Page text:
This therefore, introduces a much needed rich diversity of global north and global south epistemologies within scholarship. Next slide, please. So my research has three main questions. The first question, please, Laura, is how can New Testament characters be read and interpreted in new ways through a feminist Nigerian British lens? The second question is, what are the unique questions that a feminist Nigerian British Africans will have been approaching the biblical text? And finally, what challenge does this approach pose to a discipline of Biblical Studies? Next slide please. In my thesis, I aim to look at six female New Testament biblical characters. The first is the Canaanite woman in Matthew chapter 15, verses 21 to 28. Then the woman who washed his feet with her hair, in Luke chapter seven, verse 36, to 50, the Samaritan woman at the well, in John chapter four, verses seven to 42, the Pythian slave girl, in Acts chapter 16, verses 16 to 34 and finally commodious, his daughter, in Mark chapter six verses 1721. And Nigerian British hermeneutical lens aims to provide a new way in which to ask questions of this biblical characters. That that, for the first time reflects the specific concerns, values, and interpretive interests of the female Nigerian British experience. My lens does not provide historically grounded solutions to these questions. Rather, it aims to present the new possibilities and maybe the biblical text that have not been explored before and biblical interpretation. It is to be noted that this new feminist Nigerian British lens is not primarily intended to offer constructive theology, or to resource pastors with material with which to preach the church context. It is specifically intended to be disruptive be not destructive sorry, disruptive to the euro North American biblical interpretation daven domination within the academy. Next slide, please. Do too much complexity of the Nigerian British context. This study lends itself to a multidisciplinary methodology, method method methodological approach that incorporates methods from both the global north and Global South. Now therefore, it's five main elements within my African feminist Nigerian British lens. First, it includes Nigerian participants. Secondly, it includes feminist critical readings. Third, includes creative actualization. Fourth, is includes secular novels. And finally, it draws upon critical autobiography. In this way, it draws upon methods rooted in both global north and global south epistemology. It takes a multidisciplinary approach, drawing upon literary criticism, feminist studies, gender studies, postcolonial studies and anthropology. Next slide, please. To ensure that my feminist Nigerian British lens truly addresses the specific concerns and interpretive interests of female Nigerian British people, it is crucial that the key themes within this unique context are identified. In order to do this, I first studied several novels, written by Chimamanda Adichie Ngozi, who originates from a similar hybrid context to to meet so she is an American Nigerian novelist. So I use her work in order to create a scaffold of the potential scenes that might that may be present in Nigerian British identity. Next slide please.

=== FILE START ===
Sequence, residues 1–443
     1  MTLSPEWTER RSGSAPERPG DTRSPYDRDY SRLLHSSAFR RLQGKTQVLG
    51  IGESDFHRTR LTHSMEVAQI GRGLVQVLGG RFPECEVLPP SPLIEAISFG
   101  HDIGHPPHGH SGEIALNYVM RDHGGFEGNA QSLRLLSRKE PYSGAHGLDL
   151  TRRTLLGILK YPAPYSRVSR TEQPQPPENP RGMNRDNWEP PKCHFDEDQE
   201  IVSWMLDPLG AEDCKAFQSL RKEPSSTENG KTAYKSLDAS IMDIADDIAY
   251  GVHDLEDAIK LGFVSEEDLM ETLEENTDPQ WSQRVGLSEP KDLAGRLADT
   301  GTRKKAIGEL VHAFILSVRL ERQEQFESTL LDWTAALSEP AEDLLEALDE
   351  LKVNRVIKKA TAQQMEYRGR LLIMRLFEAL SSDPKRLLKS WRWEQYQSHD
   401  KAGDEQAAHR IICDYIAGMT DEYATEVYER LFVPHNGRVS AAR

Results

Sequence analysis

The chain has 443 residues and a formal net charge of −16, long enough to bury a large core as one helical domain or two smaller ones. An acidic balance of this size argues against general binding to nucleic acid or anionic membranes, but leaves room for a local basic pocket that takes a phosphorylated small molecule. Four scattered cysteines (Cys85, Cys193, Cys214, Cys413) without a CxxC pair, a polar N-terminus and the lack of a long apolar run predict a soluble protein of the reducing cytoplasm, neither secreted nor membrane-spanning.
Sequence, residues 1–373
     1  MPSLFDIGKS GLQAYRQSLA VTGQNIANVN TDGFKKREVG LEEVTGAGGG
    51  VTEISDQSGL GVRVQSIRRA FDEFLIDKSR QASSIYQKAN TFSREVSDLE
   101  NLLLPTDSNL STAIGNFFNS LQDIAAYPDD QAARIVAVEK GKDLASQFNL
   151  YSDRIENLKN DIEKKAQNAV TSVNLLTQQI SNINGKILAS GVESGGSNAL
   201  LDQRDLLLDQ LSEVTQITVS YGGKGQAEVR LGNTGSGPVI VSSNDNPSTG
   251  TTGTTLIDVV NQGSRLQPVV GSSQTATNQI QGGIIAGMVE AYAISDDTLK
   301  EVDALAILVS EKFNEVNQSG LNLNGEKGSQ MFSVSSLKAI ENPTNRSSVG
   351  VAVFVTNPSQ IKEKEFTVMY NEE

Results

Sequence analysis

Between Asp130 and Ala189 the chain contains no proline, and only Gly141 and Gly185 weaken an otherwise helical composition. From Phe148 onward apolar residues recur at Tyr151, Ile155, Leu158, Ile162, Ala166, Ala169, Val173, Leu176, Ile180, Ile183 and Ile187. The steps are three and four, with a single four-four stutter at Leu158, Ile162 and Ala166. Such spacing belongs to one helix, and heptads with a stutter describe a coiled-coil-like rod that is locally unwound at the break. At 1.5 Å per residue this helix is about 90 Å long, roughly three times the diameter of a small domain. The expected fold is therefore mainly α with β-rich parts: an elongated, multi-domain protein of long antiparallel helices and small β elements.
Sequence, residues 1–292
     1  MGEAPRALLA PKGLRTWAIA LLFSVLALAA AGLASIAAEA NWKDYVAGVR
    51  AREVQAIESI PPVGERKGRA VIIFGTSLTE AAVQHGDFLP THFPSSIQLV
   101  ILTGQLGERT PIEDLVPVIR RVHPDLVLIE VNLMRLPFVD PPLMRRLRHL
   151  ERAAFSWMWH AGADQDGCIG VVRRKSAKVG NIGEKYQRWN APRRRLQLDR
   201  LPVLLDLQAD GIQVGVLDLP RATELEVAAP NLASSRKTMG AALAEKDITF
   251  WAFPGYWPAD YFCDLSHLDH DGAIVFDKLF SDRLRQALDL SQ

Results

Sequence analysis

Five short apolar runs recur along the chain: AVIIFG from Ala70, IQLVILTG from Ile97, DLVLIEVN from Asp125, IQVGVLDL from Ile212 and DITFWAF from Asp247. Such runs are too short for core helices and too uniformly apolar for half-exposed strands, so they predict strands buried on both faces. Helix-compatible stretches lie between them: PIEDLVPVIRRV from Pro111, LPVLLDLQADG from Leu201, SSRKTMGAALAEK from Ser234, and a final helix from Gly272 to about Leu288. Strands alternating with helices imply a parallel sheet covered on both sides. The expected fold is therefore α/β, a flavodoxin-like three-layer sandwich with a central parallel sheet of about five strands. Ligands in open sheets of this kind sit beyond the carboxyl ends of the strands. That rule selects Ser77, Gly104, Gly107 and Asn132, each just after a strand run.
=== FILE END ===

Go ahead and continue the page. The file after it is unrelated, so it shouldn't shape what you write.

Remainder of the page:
Then read novels, specifically by female Nigerian British authors, such as Bernadine Evaristo inhabit gold and other and Emma theory and habit, don't touch my hair. I also drew upon my own experiences of being in Nigeria and British women, in order to help choose the themes that I felt most reflected the specific concerns, values and interpreted interests of Nigeria of British women. From my research, I found that there were there were four main themes that emerged from these novels. The first mother and daughter is generally intergenerational relationships. Second, Afro hair, third, marital relationships, and fourth, retrieving a last Nigerian epistemology. In order to stimulate and inform a fresh engagement with the biblical characters, I will be using the themes within these novels. The rationale for using novels secular novels, to illuminate themes within the biblical text originates from the 1870s, in which fictional novels began to acquire the respect once only accorded exclusively the biblical narrative. Previous scholars, such as Northrop, have since used sector novels alongside the biblical text, in order to illuminate mythological structures within the Scripture. scholars such as Alison Longfellow have also reached reimagined scriptural themes using secular novels. In her book, Bible and Bedlam, Louise Lawrence also use novels written by the author, Betsy head to elucidate new lines of inquiry than the Pythian slave girl in Acts chapter two. Oh, next slide, please. So on the next slide, okay, sorry, previous slide. My thesis uses novels in a similar way to Lawrence, by using secular novels written by Nigerian feminist offers, in order to illuminate the theme within Afro paganism. Although these authors did not have an explicit interest in biblical interpretation, and do not identify themselves explicitly as Afro pIan. My rationale for choosing them to embody the afro pIan theme is because they're written by Nigerian British women. As such, their work offers a new way into New Testament biblical study that moves beyond the binary ethnic categories within feminist postcolonial scholarship, and develops a more hybrid intersectional approach. These novels will be used to stimulate creative imagination about the possibilities within the story by using the characters but then, as analogies for the biblical biblical characters. I will not explore each thing and outline how you use it to illuminate new questions of the biblical character. Next slide, please. So the social location of Afro paganism brings a unique complexity to intergenerational family relationships, specifically with regards to mothers and daughters. The implications of occupying a hybrid racial identity, a multi generational as each generation moves beyond a national identity towards the unfixed heterogeneous concept of identity. This thing, and specifically explore the theme of mother and daughter relationships. And in order to do that I use Ben Dean every stone is gone women either. As an author ever Risto strives to explore the hidden narratives of the African diaspora diaspora, to play with ideas, conjure up original and innovative fiction and forms and to subvert expectations and assumptions. Her novel go woman either, especially able to disrupt flats, and parochial assumptions regarding black female characters in the UK, in order to convey the diverse ways that characters respond to their context. The incident and the intergenerational relationship between mothers and daughters is a central theme then, then this novel is amplified by generational element within the novel girl woman other